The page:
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Rare “Tarantulas” Listed Under Endangered Species Act
“We’re thrilled that these beautiful spiders, imperiled by human greed, now have additional protections to help them survive,” said Taylor Jones, endangered species advocate for WildEarth Guardians. “We hope these protections encourage conservation and raise awareness about the plight of these species in the wild and the perils of the exotic pet trade.”
Sri Lanka prohibits the commercial collection of all five spider species, but enforcement is difficult. Captive-bred spiders meet much of the trade demand, but even modest amounts of collection from the wild can negatively impact a small and shrinking population. Sri Lanka lost most of its forest cover over the past several decades to illicit timber harvesting, forest fires, destructive mining, and clearing for development and agriculture. As habitat disappears and populations shrink, collection becomes a greater threat to the species.
“The Endangered Species Act is a proven and effective tool for preventing extinction and aiding imperiled species,” said Jones. “This listing is an important step toward recovery of these small populations of beautiful spiders.”
Protection under the ESA is an effective safety net for imperiled species: more than 99 percent of plants and animals protected by the law exist today. The law is especially important as a defense against the current extinction crisis; species are disappearing at a rate much higher than the natural rate of extinction due to human activities. Scientists estimate that 227 species would have gone extinct by 2006 if not for ESA protections. Listing species with international or global distribution can both protect the species domestically, and help focus U.S. resources toward enforcement of international regulation and recovery of the species.
Photo: Poecilotheria subfusca
Credit: Pawel W.
The Genus Poecilotheria
All species in the genus Poecilotheria are arboreal (tree-dwelling). They prefer wooded areas and tree holes in tropical and subtropical forests. Poecilotheria species have short lifespans, ranging from 12-15 months for male maturation and 14-18 months for female maturation. Average post-adult female age is 60-85 months. These species experience high mortality rates prior to maturation and have low reproductive rates for an arachnid (averaging 100 eggs annually).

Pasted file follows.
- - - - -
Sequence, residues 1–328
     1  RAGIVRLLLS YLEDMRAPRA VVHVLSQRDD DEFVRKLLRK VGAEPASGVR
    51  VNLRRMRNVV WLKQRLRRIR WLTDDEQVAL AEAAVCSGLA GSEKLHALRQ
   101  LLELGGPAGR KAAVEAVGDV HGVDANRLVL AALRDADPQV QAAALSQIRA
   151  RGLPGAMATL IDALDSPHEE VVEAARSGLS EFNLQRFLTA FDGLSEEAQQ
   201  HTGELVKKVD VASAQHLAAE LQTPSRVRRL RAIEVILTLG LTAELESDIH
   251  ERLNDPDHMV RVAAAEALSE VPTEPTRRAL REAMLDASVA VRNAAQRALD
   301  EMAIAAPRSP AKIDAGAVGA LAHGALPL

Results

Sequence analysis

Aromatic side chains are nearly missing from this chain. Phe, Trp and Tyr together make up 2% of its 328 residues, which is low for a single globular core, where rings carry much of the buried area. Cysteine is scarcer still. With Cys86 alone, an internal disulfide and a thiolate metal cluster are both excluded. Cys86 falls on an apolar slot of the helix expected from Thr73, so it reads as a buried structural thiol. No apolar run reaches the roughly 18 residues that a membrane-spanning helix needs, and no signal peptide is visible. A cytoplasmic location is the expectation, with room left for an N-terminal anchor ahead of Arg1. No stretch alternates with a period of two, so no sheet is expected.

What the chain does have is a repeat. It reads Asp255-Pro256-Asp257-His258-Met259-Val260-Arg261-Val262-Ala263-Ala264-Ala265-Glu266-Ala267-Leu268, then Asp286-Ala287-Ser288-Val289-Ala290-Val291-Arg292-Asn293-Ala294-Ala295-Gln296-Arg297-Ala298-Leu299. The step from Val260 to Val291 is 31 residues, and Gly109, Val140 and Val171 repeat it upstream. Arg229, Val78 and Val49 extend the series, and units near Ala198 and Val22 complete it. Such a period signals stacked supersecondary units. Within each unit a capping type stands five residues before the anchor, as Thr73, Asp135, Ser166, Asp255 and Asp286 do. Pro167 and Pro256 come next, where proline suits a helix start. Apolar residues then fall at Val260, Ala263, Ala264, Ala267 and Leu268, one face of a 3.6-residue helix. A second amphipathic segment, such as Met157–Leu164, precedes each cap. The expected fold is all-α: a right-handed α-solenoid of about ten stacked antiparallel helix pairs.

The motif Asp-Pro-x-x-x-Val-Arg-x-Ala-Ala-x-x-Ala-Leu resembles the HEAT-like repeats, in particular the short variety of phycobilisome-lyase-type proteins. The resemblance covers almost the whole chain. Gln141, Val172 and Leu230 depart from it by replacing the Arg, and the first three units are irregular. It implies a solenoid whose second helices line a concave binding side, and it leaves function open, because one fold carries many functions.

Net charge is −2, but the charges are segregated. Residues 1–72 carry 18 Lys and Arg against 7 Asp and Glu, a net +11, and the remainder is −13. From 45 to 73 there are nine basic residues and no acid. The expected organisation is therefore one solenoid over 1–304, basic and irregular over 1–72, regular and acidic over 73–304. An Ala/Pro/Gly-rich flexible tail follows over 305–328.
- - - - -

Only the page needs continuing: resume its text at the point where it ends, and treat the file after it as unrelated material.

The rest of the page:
The spiders do not use webs; rather, they attack prey from hiding places (tree holes, tree trunks, tree bark), and inject venom to immobilize it.
The Listed Species
Poecilotheria fasciata. This species lives in the dry and intermediate zones of Sri Lanka north of Colombo. Scientists found >150 individuals in nine locations during the most recent survey. It is categorized as “endangered” on the National Red List of Sri Lanka (a report of the status of regional species based on the IUCN Red List, an inventory of the conservation status of species on a global scale).
Poecilotheria ornata. This species inhabits the lowland wet zone in southwestern Sri Lanka. Scientists found 23 individuals in four locations during the most recent survey. It is categorized as “endangered” on the National Red List of Sri Lanka.
Poecilotheria smithi. This species is found in the central highlands of Sri Lanka in Kandy and Matale districts. Scientists found 16 individuals in two locations during the most recent survey. It is categorized as “critically endangered”, the most imperiled ranking, on the National Red List of Sri Lanka.
Poecilotheria subfusca. This species inhabits the wet zone of the central highlands of Sri Lanka. Scientists found 81 individuals in 10 locations during the most recent survey. It is categorized as “endangered” on the National Red List of Sri Lanka.
Poecilotheria vittata. This species lives in the Hambantota and Monaragala districts of Sri Lanka. Scientists found 22 individuals in four locations during the most recent survey. It is categorized as “endangered” on the National Red List of Sri Lanka.